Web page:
2. Cizmeci MN, Khalili N, Claessens NHP, Groenendaal F, Liem KD, Heep A, et al. Assessment of Brain Injury and Brain Volumes after Posthemorrhagic Ventricular Dilatation: A Nested Substudy of the Randomized Controlled ELVIS Trial. J Pediatr 208:191-197.e192, 2019

Keystone Symposia Announcement: February 16-19, 2020


Cerebral Fluid Flow and Function: Lymphatics, Glymphatics and the Choroid Plexus

Scientific Organizers: Edwin S. Monuki, Maria Lehtinen, and Maiken Nedergaard

Eldorado Hotel & Spa,Sante Fe, New Mexico on 16-19 February 2020.


  • Scholarship Deadline: Oct 15, 2019
  • Discounted Abstract Deadline: Oct 15, 2019
  • Abstract Deadline: Nov 19, 2019
  • Discounted Registration Deadline: Dec 17, 2019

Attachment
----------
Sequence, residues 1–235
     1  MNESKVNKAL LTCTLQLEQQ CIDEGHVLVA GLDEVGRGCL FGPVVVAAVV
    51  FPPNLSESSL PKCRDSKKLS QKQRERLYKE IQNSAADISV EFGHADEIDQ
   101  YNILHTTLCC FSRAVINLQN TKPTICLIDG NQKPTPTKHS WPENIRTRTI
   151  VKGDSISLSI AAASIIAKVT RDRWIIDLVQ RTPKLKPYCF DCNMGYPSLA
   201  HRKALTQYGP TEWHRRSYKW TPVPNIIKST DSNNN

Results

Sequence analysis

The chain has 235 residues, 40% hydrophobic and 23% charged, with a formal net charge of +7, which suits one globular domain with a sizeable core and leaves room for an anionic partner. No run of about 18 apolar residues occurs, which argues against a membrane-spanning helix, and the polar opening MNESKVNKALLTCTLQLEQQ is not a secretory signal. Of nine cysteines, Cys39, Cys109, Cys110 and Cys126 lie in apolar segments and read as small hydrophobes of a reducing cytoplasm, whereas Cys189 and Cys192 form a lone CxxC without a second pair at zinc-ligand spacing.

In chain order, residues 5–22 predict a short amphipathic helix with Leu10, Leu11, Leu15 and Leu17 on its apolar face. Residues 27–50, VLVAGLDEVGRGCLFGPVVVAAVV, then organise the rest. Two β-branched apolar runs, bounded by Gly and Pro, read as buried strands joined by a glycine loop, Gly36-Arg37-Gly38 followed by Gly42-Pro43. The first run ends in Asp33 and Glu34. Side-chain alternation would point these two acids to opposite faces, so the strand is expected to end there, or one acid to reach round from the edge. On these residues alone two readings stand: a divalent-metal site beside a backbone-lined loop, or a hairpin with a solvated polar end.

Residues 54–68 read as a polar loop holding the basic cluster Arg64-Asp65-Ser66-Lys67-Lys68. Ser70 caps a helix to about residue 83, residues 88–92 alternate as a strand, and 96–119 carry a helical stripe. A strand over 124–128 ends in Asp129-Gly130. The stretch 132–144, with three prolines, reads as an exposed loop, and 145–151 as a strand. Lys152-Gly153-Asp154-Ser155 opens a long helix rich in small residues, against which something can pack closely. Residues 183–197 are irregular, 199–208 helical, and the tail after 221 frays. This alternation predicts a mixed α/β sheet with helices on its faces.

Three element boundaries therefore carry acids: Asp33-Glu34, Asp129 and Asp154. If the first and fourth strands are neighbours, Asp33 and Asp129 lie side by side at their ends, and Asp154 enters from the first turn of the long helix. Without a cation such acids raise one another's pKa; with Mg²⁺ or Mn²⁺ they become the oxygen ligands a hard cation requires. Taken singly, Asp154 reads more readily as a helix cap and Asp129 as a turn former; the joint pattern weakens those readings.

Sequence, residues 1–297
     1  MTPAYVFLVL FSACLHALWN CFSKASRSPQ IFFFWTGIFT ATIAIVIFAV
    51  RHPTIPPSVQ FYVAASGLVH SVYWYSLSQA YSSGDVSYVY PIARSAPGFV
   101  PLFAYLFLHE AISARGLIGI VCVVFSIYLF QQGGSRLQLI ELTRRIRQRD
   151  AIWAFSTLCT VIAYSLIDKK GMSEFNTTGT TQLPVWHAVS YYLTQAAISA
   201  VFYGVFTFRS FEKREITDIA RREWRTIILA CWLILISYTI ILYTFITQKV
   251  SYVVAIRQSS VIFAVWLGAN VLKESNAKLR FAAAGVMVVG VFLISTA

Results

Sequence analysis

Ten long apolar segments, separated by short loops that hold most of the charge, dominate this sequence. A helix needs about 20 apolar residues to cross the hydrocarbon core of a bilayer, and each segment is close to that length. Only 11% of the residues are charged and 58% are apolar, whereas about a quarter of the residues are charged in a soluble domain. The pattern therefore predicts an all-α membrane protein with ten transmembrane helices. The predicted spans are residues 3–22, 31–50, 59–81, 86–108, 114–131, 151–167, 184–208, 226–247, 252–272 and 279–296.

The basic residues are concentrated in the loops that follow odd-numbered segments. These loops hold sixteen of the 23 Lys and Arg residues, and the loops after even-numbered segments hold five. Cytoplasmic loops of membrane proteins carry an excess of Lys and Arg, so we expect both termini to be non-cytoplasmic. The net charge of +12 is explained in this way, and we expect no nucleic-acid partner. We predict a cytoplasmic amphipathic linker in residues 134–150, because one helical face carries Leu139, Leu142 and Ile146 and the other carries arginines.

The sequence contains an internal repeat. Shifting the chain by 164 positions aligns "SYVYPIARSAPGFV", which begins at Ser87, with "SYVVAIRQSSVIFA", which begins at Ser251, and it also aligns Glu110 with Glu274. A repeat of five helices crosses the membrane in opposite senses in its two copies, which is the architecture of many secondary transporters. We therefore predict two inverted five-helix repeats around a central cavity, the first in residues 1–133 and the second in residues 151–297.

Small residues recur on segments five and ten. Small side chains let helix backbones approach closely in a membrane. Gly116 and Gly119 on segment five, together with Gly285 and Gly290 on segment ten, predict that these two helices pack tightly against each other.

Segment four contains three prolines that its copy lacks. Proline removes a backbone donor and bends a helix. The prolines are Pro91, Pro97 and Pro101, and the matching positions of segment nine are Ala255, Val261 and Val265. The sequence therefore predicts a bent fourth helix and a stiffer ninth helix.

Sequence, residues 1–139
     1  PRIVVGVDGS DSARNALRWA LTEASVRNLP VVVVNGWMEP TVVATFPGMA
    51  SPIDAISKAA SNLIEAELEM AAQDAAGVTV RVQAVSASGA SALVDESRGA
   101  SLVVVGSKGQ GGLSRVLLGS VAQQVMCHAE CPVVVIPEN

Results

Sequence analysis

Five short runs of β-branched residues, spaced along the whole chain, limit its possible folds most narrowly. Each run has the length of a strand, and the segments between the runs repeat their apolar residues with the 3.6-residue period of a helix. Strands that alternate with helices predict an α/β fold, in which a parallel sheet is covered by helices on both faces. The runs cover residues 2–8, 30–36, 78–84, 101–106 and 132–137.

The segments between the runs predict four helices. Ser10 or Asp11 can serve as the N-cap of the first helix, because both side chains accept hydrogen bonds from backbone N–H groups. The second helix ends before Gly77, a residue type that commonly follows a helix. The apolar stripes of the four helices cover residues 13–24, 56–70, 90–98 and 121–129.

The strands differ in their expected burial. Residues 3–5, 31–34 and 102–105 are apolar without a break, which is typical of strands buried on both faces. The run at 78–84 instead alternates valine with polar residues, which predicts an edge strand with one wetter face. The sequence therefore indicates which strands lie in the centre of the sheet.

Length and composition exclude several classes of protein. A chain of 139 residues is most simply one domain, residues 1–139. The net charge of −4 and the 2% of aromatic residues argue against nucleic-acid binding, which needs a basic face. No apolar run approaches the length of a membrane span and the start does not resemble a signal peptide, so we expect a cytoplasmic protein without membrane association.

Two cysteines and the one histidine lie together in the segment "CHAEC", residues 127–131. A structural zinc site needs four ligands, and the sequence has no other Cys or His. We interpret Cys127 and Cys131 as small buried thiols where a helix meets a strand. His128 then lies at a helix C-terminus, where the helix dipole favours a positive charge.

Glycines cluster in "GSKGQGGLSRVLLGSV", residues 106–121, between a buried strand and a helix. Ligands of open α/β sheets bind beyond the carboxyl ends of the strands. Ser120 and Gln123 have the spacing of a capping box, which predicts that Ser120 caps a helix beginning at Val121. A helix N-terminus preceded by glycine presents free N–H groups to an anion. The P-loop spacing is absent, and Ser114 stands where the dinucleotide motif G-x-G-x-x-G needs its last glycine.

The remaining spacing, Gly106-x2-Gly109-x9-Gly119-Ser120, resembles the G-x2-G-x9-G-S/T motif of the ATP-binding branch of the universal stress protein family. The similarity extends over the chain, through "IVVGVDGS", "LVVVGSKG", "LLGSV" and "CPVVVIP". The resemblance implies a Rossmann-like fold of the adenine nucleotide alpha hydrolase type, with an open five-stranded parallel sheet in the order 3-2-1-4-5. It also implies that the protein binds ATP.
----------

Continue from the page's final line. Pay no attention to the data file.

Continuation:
Summary: The cerebrospinal fluid (CSF) has long been a “missing link” in our understanding of brain form, function, and disease. However, recent work has begun to illuminate how the CSF regulates the brain in ways that extend far beyond its passive historical roles and provides unique opportunities for studying, diagnosing, and potentially treating brain disorders. This Keystone conference brings together an interdisciplinary group of new and established scientists to capture this newfound excitement about the CSF. By exchanging discoveries – about its sources (choroid plexus), routes (glymphatics), drainage (lymphatics), and clinical utilities – and by fostering new ideas, collaborations, and training opportunities, this conference aims to coalesce an international community that can propel the CSF field forward. (Optional/TBD: This meeting is being held jointly with the “medicinal chemistry to cross the blood-brain barrier/BBB” meeting to stimulate thinking about CSF-based medicinal therapies, given the advantages of CSF over blood in being “behind” the BBB and in equilibrating with the interstitial fluid surrounding brain cells.)